November volume 2 picks up in the immediate aftermath of the first volume that came out last year. This volume is about the same length as the first volume, coming in at about 80 pages. I think the release model for the series is pretty interesting. You’ll end up with amounts to a pretty hefty graphic novel coming out in three chunks over the course of about 18 months. It’s an interesting approach, but I do feel like it held this second volume back a bit.
Given that the series works as one big story, this second volume is all second act. It’s also a bit backward looking, seeing how each character got to the current point in time, and doesn’t really advance the narrative much further than what we saw at the end of the first volume. This would be fine if the story was contained in a single book, but it did make this second entry feel a bit less compelling. Nonetheless, there’s still the same hard-boiled mystery and I like the characters that Fraction has laid out. I’m having a lot of fun reading this series. Like I said, my only real beef with the story here is that it feels like it would be more successful all at once.
I definitely need to talk about Elsa Charretier’s art. She’s just knocking it out of the park. I had a bit of exposure before-hand to her work, but this story is such a good fit. It struck me reading this volume that the combination of genre and line-style is reminiscent of Darwyn Cooke’s Parker adaptations. That seems like about as high amount of praise as I could give an artist. Combined with Matt Hollingsworth’s colors, the art is a perfect match for the kind of crime drama Fraction has written.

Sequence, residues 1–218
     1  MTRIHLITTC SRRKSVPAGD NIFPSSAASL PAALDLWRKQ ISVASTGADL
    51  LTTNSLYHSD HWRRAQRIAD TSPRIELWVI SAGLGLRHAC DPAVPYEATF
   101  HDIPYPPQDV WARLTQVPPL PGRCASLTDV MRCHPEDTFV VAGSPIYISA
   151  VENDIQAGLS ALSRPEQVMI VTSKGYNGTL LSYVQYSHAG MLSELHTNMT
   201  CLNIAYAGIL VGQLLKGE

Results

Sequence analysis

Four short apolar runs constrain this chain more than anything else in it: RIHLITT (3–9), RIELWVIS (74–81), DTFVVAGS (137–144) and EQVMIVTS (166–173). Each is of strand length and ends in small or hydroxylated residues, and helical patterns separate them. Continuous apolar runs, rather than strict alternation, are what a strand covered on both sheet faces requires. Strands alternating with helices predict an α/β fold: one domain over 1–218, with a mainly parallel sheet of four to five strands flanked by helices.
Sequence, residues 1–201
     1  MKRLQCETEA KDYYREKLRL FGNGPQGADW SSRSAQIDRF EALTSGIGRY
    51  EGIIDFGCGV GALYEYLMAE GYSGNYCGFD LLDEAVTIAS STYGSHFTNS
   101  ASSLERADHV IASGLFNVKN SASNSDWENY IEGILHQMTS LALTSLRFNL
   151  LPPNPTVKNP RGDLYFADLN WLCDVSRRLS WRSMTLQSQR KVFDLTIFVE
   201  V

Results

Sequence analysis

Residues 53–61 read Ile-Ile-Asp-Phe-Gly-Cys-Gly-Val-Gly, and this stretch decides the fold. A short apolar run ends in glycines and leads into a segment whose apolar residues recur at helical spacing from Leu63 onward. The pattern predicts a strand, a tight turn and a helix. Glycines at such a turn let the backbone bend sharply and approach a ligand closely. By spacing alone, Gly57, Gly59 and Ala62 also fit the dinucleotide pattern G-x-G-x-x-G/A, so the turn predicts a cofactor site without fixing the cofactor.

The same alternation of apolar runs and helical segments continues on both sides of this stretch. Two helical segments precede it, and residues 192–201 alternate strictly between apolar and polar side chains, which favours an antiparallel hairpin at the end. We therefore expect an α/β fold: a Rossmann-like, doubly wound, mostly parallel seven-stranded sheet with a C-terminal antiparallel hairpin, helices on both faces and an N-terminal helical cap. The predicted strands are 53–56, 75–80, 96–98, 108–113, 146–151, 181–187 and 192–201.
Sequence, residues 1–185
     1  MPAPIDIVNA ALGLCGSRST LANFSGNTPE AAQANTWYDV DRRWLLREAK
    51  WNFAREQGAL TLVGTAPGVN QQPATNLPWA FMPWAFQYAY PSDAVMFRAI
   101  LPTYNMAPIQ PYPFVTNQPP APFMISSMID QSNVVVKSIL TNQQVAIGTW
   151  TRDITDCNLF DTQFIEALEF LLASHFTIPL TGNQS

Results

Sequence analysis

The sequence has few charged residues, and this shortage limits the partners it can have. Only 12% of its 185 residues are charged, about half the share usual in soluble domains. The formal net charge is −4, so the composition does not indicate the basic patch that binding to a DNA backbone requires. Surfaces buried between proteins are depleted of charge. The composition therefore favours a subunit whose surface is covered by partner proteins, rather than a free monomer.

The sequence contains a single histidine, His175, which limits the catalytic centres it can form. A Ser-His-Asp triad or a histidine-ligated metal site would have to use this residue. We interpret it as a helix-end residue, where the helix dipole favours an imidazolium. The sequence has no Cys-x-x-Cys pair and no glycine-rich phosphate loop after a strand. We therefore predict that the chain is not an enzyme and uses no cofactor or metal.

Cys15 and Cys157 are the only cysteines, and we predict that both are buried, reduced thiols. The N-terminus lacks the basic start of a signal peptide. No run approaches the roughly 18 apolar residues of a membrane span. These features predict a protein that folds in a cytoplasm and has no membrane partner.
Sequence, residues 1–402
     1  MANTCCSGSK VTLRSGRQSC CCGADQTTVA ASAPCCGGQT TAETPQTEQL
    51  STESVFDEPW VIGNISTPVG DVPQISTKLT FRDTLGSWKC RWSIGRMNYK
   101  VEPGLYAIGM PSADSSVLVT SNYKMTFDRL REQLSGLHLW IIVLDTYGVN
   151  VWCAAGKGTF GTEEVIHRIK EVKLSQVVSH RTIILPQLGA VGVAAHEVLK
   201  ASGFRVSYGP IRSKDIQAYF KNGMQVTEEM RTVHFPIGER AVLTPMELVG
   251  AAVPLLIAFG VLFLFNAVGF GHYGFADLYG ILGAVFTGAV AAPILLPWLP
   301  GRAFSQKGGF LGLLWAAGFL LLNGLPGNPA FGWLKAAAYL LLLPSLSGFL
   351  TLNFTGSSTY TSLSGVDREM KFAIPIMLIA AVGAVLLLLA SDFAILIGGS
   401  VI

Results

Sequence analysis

Speaking of colors, I really love the way that Hollingsworth and letterer Kurt Ankeny use a different color tint and different lettering style to differentiate the passages from each character’s point of view. Those kinds of small design choices can really heighten the story-telling. The design by Rian Hughes similarly adds to the feel. The two-page spreads signaling chapter breaks look good and are effective at establishing the tonal shift as the story moves between characters. Between the art, lettering, and design, the book is just so visually appealing. My only gripe is that Ankeny’s choice for the cursive lettering during the Kay sequence is actually very hard to read! I like the idea, but would have liked a style that was more readable.
In the end, the only big weakness of this second volume of November is that the plotting style doesn’t move the overall narrative ahead that much. It worked okay for me because I just read volume one about a month ago, but I’m curious to see what my experience will be with a bigger gap between reading volume 2 and 3. My guess is that this series will be one that’s more successful when read as one entity, even if each of the volumes end up being pretty enjoyable on their own. The creative team has certainly done enough to keep me around for the conclusion in volume 3.